5 Peaceful Ways to Protest Police Brutality in 2015 and Beyond


It is no secret that the gap between rich and poor appears to be growing in America. According to a recent blog post from the London School of Economics, the wealthiest one percent went from owning less than 10 percent of the total wealth in 1970 to owning more than 20 percent of the wealth by the end of 2012. Moreover, wealth inequality has also widened across racial lines. In 2014, the median net worth of white families was $141,900 which dwarfed the median net worth of black families and Hispanic families which were $11,000 and $13,700, respectively.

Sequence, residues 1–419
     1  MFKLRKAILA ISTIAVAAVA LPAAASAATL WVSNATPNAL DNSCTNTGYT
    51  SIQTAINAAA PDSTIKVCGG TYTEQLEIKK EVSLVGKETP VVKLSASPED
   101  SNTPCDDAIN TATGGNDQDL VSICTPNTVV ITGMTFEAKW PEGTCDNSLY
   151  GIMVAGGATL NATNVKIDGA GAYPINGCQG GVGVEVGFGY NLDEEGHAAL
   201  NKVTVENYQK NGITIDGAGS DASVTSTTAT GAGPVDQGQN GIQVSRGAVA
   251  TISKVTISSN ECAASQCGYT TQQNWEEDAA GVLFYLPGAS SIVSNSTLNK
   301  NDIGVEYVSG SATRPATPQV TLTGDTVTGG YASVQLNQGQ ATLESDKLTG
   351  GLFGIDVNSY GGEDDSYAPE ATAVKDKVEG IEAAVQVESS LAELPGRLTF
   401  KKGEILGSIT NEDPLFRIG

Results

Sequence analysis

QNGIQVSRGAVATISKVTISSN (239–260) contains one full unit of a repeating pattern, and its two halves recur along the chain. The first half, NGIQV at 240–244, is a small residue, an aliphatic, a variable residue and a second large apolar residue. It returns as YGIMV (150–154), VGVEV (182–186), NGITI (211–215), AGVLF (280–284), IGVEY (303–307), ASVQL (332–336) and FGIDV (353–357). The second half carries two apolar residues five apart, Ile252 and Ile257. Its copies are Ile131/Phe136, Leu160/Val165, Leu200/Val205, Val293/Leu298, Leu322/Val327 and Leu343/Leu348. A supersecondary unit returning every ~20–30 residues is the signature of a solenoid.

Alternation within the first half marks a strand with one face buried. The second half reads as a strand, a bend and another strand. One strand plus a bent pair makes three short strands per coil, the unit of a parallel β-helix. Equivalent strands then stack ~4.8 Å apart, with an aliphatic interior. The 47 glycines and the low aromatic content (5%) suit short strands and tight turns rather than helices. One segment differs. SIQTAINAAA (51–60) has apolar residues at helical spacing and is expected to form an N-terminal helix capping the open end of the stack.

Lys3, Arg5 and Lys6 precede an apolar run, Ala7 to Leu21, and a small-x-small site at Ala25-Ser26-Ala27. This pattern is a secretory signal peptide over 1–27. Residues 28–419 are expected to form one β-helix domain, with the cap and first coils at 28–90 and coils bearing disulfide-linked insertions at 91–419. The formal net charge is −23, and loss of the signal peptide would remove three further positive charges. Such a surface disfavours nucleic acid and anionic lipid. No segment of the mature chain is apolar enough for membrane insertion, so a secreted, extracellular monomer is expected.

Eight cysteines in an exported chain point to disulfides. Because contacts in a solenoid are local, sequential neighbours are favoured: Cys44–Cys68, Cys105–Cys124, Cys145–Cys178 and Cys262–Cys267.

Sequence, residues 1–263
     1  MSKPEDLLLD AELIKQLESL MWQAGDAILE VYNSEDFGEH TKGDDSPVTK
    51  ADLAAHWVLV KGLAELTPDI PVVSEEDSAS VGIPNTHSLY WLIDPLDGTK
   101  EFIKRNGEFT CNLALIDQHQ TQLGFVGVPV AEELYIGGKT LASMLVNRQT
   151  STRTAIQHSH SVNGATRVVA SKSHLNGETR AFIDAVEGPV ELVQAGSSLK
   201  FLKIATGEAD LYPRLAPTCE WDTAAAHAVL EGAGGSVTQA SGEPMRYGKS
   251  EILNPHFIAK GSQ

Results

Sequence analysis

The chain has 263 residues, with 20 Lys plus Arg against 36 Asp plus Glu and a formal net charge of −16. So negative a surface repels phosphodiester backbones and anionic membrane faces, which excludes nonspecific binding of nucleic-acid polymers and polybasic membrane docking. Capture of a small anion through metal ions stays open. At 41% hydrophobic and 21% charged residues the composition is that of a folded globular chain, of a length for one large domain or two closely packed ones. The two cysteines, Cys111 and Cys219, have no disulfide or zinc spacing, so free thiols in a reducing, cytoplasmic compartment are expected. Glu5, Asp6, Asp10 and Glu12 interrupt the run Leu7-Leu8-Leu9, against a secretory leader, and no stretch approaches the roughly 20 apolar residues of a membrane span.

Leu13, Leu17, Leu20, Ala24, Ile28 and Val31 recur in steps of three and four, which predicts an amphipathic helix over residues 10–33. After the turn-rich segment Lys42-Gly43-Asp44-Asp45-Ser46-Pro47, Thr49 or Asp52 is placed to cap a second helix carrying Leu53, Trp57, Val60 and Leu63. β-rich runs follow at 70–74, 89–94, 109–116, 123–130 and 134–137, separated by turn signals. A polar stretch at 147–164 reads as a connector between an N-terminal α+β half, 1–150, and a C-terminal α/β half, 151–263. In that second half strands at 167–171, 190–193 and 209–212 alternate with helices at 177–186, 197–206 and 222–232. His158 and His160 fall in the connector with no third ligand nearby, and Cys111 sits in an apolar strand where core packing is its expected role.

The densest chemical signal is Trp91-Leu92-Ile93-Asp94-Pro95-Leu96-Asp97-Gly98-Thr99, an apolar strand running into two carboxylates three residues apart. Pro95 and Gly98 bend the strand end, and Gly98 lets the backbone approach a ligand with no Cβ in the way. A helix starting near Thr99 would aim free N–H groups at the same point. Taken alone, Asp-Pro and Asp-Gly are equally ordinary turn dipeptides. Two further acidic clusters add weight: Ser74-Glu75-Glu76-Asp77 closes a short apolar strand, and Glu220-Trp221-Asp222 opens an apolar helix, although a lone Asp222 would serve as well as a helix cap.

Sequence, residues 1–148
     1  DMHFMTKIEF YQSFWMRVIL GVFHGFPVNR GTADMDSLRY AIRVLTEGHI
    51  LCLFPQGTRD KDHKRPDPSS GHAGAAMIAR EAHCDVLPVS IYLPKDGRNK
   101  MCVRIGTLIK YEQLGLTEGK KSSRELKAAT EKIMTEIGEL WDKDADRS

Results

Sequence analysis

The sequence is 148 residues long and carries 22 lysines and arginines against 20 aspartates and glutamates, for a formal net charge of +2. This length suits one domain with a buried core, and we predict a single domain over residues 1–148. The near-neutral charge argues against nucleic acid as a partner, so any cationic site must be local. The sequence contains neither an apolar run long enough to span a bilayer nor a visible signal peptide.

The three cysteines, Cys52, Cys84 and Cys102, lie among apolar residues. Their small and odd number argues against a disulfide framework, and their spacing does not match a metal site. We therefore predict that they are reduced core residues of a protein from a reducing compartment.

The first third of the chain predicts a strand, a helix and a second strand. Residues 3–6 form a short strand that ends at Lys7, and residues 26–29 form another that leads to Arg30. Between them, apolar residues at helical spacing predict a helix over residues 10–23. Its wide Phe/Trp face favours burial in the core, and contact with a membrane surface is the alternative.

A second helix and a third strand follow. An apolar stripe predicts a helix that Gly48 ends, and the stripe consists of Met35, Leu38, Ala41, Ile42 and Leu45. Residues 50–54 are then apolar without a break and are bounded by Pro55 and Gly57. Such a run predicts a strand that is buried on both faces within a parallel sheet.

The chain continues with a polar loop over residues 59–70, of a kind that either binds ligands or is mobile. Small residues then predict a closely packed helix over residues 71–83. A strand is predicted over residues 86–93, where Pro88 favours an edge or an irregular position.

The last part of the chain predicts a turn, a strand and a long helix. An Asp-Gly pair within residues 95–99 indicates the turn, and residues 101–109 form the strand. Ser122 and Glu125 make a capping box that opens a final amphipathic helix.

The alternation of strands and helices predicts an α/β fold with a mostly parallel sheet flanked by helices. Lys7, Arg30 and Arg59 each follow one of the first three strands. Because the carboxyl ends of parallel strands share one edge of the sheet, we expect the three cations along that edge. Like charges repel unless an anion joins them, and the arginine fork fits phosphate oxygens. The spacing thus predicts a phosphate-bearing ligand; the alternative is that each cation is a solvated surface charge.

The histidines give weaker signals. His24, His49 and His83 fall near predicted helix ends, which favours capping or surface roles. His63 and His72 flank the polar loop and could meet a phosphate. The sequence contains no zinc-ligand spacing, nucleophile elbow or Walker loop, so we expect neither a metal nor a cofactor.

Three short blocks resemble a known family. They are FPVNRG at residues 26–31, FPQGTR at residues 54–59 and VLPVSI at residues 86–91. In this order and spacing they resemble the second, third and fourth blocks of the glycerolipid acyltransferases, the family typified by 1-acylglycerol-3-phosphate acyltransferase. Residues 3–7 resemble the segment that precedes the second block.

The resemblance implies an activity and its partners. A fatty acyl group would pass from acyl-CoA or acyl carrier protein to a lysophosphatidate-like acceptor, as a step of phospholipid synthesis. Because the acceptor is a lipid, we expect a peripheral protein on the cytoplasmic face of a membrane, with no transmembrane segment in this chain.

In a country where political power is often associated with economic power, these dire statistics do not bode well with respect to ending police harassment, police brutality and the prison industrial complex that is ravaging poorer communities and communities of color. The book, Our Black Year, by Maggie Anderson [youtube url=”video_url” width=”500″ height=”300″] explains that a dollar circulates in the black community for only 6 hours, which compares very negatively to circulation rates of 30 days, 20 days, and 17 days in Asian-American, Jewish and Anglo Saxon communities. The poverty and political disenfranchisement in African American communities is not necessarily caused by the inability to generate wealth, it is caused by the inability to retain and circulate wealth. I’m sure that the same can be said of certain poorer communities of other hues. The one percent has all the wealth because we collectively give our wealth to the one percent. We can spread our wealth by spreading our wealth to smaller businesses.